Here is the rundown on the four Indiana players who scored career highs:

Thomas Bryant – give him 31 points and 11 rebounds in 44 minutes.

In his last two games, Bryant has played like the guy who was featured on the cover of multiple pre-season magazines. Credit Bryant with 54 points and 23 rebounds against Northwestern and Penn State after having only 55 points and 26 rebounds in his previous five games.

Devonte Green. One reason Green is at Indiana is that the Hoosiers had a scholarship to give after Carr and freshman Lamar Stephens committed to Penn State. Give him 10 points and 10 rebounds in 45 minutes. He's barely 6 feet. He shrugged off missing two free throws late in the second half to make a critical steal and layup that put the Hoosiers ahead five early in the third overtime.

Newkirk is often called the Much Maligned Josh Newkirk. He’s not Yogi Ferrell. He’s never going to be Yogi Ferrell.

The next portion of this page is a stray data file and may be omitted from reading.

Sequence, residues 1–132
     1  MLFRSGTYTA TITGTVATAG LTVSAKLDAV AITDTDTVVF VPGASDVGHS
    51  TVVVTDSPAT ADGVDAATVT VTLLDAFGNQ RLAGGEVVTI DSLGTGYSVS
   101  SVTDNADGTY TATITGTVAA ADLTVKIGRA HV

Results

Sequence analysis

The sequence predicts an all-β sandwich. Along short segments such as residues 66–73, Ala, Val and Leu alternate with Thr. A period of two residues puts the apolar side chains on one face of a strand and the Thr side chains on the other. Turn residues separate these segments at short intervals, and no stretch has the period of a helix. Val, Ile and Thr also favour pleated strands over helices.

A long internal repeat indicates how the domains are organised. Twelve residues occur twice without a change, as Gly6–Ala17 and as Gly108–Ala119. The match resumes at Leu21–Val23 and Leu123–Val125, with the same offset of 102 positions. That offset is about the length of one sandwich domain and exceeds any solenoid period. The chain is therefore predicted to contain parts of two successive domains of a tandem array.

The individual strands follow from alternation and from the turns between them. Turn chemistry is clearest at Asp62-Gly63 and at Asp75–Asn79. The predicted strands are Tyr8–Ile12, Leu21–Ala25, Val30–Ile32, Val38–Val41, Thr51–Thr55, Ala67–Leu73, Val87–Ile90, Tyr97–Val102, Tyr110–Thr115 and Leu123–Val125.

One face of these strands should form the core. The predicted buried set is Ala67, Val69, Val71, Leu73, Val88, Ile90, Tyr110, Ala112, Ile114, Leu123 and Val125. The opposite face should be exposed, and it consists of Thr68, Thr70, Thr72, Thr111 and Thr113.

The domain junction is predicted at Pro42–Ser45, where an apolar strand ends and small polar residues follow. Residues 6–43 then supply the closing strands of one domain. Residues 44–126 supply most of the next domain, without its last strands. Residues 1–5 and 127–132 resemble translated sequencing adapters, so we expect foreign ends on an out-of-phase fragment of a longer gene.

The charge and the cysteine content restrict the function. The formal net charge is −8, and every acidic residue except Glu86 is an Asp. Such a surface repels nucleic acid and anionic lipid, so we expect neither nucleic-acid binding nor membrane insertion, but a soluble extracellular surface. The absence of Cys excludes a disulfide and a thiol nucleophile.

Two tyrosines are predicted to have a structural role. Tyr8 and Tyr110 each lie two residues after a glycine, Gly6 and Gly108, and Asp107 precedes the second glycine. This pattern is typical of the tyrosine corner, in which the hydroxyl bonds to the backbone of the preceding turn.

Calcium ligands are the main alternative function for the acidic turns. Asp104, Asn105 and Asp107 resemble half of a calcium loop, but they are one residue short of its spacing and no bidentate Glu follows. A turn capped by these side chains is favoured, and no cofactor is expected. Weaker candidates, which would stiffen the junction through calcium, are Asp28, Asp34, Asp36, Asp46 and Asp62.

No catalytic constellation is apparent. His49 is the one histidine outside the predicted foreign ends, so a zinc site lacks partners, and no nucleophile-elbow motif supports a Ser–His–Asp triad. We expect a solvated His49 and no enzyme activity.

But for one night Newkirk did a reasonable impersonation of Ferrell. Not only did he make four shots from distance, Newkirk scored 27 points in 46 minutes.

Give the third double-double to Johnson. He had 27 points and 11 rebounds in 50 minutes.

Surprised that three players finished with double-doubles?

“We had enough time to do it, so not really,” Johnson said.

Somehow the Hoosiers twisted a Must Win into a Near Stumble and then into an Unforgettable Survival.

Indiana's next two games are against two of the three best teams in the league, teams the Hoosiers were supposed to battle to defend their Big Ten regular season title – at Wisconsin on Super Bowl Sunday and back in Bloomington against Purdue Feb. 9.

“We’ll practice at 6:30 or 7 (in the morning),” Crean said.

The one-liners come easier when the scoreboard tilts in your favor.